IDEA #71. Go to a library and read from cover to cover a magazine about history (past or current) or archaeology. Old copies of the now-defunct American Heritage would be a natural choice, but there are plenty of current magazines about specific aspects of history—wars, ancient civilizations—that are pretty easy to find.
To whatever degree the past creates the present, a knowledge of the subtleties of history (as opposed to the collection of facts that often passes for history instruction in school) can be helpful in understanding how governments and societies make decisions, or at least how they can arrive at various predicaments. In history the persistence of certain issues and problems is known as continuity, and anyone who pushes their own study of history past the superficial level soon discovers that the problems of socioeconomics, ethnicity, foreign policy, religious conflict, and taxation that vex the world today also vexed the world a century or a millennium (or three) ago.
Magazines of history (as well as documentary programming on television, it must be added, although these are not the focus here for reasons that will appear below) provide multiple windows into small and specific aspects of history—a single person, place, or event, or a specific historical issue or trend. As these magazines are intended to entertain as well as to inform, the writing tends to be a good deal livelier than textbook prose and the overall coverage richer in terms of the inclusion of quotations and, above all, visual material. The best of the history magazines—and the classic American Heritage is the grand-daddy of the genre—solicit articles from the best writers of history and biography, and careful attention to design means that everything about the magazines is attractive and of high quality—so high as to make one wonder whether textbooks need be a dull as they usually are. Smithsonian is a fine example of such a publication.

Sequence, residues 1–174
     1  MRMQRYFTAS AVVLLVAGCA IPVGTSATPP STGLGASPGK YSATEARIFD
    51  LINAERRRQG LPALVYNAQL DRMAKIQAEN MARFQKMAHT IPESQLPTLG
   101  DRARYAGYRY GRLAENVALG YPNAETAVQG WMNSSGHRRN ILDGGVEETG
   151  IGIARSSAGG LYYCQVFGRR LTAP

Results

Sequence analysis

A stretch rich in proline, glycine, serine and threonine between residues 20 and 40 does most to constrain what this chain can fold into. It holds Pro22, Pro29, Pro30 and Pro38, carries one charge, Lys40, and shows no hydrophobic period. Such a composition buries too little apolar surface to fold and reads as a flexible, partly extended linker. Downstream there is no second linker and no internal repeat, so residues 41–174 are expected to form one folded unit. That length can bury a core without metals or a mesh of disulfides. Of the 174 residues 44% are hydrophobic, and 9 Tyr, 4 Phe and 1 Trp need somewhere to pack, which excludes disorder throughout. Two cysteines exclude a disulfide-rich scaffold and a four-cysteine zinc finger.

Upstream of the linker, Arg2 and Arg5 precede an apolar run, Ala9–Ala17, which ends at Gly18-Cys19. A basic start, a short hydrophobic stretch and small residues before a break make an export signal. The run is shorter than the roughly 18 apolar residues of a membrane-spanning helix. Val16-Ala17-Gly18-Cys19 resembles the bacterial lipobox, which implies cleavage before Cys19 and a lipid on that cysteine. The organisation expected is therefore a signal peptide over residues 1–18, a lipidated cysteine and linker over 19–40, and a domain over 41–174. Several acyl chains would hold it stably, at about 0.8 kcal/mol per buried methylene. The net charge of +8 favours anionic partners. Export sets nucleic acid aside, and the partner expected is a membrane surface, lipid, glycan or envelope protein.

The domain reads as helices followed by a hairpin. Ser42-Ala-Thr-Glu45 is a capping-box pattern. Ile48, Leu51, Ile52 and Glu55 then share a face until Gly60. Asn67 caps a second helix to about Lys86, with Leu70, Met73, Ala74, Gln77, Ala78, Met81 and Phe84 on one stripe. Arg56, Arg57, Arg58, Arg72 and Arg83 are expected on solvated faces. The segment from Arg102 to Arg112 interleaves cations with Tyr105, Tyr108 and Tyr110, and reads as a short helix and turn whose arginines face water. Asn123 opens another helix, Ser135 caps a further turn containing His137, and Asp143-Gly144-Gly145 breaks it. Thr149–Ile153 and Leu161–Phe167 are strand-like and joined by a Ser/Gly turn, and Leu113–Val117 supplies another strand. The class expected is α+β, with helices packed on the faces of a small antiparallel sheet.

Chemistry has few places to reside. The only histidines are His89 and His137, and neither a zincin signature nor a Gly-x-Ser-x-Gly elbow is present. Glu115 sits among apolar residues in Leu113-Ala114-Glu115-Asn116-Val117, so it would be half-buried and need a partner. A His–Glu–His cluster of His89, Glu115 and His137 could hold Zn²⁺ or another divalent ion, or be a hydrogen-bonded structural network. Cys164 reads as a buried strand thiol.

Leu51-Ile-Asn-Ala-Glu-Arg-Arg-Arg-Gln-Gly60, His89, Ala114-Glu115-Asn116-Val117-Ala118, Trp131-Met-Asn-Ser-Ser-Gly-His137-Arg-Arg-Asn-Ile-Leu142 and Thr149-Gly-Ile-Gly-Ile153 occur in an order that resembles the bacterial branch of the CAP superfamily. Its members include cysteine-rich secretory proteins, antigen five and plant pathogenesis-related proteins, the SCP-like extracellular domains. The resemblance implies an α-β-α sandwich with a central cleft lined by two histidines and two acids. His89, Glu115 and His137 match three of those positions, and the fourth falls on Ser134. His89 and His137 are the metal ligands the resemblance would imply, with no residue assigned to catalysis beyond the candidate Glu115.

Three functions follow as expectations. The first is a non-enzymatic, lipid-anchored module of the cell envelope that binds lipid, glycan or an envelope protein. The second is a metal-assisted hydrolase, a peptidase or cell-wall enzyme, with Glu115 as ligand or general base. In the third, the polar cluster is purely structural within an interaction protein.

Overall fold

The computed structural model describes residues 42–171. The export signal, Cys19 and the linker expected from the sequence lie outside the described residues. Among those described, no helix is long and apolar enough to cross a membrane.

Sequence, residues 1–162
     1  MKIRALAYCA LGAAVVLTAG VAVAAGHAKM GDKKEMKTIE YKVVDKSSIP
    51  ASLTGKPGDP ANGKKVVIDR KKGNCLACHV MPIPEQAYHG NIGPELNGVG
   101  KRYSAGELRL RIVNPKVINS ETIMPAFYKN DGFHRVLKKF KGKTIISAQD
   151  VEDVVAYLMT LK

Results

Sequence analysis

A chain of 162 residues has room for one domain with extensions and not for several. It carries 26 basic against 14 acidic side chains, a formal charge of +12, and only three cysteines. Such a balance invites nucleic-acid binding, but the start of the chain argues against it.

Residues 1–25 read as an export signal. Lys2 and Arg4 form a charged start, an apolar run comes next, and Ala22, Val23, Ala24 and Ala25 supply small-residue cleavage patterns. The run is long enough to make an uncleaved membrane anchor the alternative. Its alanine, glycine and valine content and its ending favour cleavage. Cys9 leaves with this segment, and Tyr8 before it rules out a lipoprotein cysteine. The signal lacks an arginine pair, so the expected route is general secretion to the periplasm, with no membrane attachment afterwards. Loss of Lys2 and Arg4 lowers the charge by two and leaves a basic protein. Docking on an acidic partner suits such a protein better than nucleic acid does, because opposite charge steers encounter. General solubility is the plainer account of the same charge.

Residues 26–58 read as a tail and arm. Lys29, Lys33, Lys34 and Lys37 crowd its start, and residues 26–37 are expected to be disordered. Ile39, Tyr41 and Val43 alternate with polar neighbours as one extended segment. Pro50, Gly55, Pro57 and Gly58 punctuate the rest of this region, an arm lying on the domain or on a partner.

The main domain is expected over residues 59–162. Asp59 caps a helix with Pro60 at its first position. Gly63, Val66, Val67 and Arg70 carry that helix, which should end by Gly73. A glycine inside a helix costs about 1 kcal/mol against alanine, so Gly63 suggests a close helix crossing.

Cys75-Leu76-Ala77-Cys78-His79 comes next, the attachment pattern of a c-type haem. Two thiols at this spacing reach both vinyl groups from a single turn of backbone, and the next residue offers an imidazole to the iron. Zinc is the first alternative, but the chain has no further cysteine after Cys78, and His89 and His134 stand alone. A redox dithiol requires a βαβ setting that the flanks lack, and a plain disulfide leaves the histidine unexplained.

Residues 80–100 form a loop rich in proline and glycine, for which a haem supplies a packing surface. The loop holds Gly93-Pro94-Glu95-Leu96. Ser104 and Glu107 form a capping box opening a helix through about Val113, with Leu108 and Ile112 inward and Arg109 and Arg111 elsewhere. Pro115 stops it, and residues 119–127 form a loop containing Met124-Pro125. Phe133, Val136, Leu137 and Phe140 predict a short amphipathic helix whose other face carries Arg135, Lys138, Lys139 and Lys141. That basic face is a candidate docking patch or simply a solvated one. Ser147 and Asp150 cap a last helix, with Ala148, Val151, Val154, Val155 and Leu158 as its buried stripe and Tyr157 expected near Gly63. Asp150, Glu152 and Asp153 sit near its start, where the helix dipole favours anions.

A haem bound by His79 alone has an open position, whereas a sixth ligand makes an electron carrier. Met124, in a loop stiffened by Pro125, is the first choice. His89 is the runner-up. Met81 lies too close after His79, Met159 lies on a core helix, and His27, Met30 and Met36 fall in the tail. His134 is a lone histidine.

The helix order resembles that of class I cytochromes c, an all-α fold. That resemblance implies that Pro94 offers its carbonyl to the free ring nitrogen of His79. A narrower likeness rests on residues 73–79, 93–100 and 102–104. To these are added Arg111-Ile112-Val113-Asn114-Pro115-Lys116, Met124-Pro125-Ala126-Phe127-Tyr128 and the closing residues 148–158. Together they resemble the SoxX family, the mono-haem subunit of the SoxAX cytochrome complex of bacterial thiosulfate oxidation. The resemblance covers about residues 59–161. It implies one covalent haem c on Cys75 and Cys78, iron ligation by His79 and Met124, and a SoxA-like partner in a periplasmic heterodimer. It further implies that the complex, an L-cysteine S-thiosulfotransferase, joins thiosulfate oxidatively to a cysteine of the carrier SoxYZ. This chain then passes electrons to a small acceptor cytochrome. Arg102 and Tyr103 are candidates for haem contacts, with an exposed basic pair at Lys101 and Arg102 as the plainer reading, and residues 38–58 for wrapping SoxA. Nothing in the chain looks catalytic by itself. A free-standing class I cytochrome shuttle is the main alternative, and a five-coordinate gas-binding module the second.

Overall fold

The argument for going through an entire issue is that the activity will provide first and foremost an idea of the rich menu of material that such periodicals offer and secondly an increased probability of the young reader finding something of real interest; in addition, even the advertisements in such magazines can be fun, offering books, objects, and experiences that may be a bit out of the ordinary.
A couple of hours in front of The History Channel might have some of the same effect as reading a whole magazine, but to be blunt the quality can be uneven and sometimes younger viewers can find themselves watching an infomercial or a program that is distinctly pseudoscientific (aliens and UFOs make regular appearances on several “history” channels) without knowing it. We approve of the concept of the channel but believe it should be watched in at least loosely supervised doses.
Another point in favor of history magazines is that they last in physical form nearly forever, and, along with back issues of those being currently published, there are a number of bygone periodicals with a historical focus—Horizon chief among these—that are worthy of attention even forty years after their first appearance. Horizon, like American Heritage, first appeared in hardbound editions with superlative production values and excellent writing.